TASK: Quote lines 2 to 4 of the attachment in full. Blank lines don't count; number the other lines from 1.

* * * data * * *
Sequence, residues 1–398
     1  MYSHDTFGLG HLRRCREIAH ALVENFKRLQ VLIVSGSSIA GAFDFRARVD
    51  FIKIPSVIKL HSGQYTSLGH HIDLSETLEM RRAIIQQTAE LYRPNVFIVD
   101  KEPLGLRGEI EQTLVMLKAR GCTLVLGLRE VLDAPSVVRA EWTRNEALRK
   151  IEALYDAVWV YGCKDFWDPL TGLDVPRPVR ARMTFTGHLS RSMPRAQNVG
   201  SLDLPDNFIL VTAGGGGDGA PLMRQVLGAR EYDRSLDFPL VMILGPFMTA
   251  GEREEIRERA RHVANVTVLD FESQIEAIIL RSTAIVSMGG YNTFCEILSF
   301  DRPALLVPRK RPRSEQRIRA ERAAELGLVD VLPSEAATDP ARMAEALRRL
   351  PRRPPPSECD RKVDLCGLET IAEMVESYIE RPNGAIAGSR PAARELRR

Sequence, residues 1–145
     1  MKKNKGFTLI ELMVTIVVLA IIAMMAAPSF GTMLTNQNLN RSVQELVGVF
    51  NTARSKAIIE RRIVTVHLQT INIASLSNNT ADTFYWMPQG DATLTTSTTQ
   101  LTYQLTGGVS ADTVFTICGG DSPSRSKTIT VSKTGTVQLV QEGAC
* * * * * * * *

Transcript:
     1  MYSHDTFGLG HLRRCREIAH ALVENFKRLQ VLIVSGSSIA GAFDFRARVD
    51  FIKIPSVIKL HSGQYTSLGH HIDLSETLEM RRAIIQQTAE LYRPNVFIVD
   101  KEPLGLRGEI EQTLVMLKAR GCTLVLGLRE VLDAPSVVRA EWTRNEALRK